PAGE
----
Camping can be a lot of fun, but in his master plan, God forgot to provide ample naturally occurring power outlets and USB ports outside. So the next best thing might be PowerPot, a camping device that generates enough electricity while boiling water to power a USB port to keep your phone charged up so you can tweet and Instagram your nature adventure.
The PowerPot uses thermoelectric generation to create its electricity. The process itself isn’t new, and though it’s only recently become viable it’s not through any advance in the charging technology. Instead, it’s the fact that modern devices can subsist on low wattages, down around 5 watts, that can make this kind of charging possible.
Although it may sound a little pointless at first, PowerPot has a huge number of applications. It’s way more reliable than solar power, making it optimal for charging or power devices at night. Beyond charge, it provides the necessary function of a pot, making it a zero-cost proposition to use the PowerPot instead of a normal one (assuming you have a PowerPot). Making it even more zero-cost to use is the fact that using PowerPot to generate some electricity isn’t going to diminish the other uses of your fire as lighting or warmth. PowerPot just makes use of what would be waste heat otherwise.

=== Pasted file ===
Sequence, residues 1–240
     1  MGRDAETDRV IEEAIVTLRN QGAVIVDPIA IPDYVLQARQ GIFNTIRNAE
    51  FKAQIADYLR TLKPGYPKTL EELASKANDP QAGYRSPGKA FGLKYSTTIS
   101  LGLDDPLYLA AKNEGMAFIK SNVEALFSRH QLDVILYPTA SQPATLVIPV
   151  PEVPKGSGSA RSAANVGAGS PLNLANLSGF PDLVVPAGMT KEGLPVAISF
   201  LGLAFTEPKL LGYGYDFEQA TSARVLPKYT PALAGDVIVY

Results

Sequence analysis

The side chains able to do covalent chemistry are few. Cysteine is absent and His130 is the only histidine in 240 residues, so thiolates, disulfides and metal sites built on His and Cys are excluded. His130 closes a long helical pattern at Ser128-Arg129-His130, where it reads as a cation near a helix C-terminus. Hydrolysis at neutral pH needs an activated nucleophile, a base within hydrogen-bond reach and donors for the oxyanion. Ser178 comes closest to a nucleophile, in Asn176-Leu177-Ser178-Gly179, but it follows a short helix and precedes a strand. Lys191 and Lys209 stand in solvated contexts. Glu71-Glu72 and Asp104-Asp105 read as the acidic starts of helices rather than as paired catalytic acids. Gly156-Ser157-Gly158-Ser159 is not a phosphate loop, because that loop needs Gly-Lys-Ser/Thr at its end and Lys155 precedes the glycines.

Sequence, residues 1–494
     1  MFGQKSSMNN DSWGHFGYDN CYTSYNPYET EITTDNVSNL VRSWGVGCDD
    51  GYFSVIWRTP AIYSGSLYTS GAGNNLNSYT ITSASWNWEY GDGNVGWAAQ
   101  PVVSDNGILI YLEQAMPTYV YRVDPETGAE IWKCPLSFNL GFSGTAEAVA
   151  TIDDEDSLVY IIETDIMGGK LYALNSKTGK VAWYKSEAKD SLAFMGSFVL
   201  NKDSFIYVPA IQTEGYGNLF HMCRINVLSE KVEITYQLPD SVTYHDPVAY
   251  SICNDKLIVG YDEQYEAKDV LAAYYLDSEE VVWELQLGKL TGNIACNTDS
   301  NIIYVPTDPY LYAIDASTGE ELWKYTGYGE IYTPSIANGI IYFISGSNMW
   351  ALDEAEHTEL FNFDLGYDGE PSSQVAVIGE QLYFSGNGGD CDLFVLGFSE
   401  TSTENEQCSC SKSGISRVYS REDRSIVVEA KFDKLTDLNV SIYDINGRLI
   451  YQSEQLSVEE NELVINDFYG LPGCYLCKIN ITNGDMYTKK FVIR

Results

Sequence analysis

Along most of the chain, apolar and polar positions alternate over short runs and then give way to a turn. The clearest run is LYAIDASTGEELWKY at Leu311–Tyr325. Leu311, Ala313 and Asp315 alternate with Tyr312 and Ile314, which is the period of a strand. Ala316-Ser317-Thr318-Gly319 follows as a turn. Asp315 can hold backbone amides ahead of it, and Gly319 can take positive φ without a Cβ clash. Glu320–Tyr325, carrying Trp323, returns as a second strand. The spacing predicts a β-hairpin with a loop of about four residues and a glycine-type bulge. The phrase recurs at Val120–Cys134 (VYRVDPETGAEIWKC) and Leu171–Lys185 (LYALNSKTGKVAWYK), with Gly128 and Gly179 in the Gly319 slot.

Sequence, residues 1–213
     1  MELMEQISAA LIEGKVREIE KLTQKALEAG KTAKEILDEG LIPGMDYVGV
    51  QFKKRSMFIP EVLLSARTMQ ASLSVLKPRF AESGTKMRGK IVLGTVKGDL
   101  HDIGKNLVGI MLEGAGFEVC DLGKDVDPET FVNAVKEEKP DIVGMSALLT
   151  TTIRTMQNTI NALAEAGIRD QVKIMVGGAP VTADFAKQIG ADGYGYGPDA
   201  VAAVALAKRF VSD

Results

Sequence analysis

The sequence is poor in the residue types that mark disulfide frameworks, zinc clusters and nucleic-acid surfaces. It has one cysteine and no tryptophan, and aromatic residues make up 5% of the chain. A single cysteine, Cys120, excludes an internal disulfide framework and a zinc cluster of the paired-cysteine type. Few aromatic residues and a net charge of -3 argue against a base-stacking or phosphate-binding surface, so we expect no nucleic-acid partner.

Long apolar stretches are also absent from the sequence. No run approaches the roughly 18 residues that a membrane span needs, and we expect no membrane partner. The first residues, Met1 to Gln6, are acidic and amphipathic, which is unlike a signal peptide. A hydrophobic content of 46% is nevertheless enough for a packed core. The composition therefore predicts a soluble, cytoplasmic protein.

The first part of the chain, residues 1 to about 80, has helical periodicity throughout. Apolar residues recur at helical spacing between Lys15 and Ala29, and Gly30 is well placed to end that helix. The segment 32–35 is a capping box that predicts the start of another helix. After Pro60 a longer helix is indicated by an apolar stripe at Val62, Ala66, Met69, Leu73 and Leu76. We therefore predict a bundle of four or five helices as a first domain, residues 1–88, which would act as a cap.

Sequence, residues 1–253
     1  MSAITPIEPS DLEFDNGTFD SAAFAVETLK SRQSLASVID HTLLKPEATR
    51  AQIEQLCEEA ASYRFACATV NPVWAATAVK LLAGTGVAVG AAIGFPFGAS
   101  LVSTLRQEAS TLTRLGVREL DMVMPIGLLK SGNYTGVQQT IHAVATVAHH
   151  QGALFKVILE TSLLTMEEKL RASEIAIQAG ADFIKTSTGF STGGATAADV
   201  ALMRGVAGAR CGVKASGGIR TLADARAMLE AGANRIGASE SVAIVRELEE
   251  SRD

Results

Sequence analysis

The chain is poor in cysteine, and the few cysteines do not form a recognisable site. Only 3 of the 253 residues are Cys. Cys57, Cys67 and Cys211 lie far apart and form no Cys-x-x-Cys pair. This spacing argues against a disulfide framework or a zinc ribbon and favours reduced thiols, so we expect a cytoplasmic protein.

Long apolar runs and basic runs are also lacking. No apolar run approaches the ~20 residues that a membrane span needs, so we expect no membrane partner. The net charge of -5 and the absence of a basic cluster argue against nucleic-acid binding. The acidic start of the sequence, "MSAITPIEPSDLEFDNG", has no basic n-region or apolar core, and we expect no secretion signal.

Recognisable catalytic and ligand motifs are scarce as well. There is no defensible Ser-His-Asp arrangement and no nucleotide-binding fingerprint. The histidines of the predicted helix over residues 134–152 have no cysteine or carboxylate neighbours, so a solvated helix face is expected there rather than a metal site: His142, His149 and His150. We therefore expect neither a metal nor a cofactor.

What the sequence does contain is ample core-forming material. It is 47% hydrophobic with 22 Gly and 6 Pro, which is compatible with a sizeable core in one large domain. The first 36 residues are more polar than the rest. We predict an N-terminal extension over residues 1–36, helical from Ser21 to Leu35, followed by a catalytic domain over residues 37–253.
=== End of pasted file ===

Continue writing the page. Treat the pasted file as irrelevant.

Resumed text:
Obviously this could be helpful for hikers or campers who just need to stay connected, but the really important application would be for those in developing countries where cellphone use is more widespread than reliable access to electricity, the latter requiring significant, expensive infrastructure; power lines don’t just grow. Many of these people already make fires for cooking, and the PowerPot would allow them to get bonus electricity with no added trouble.
If you want one of these magical modern devices, there’s a Kickstarter page, aiming to raise $50,000 in funding to put the PowerPot into production. And if you pledge at least $99, you’ll get one when they do roll off the line.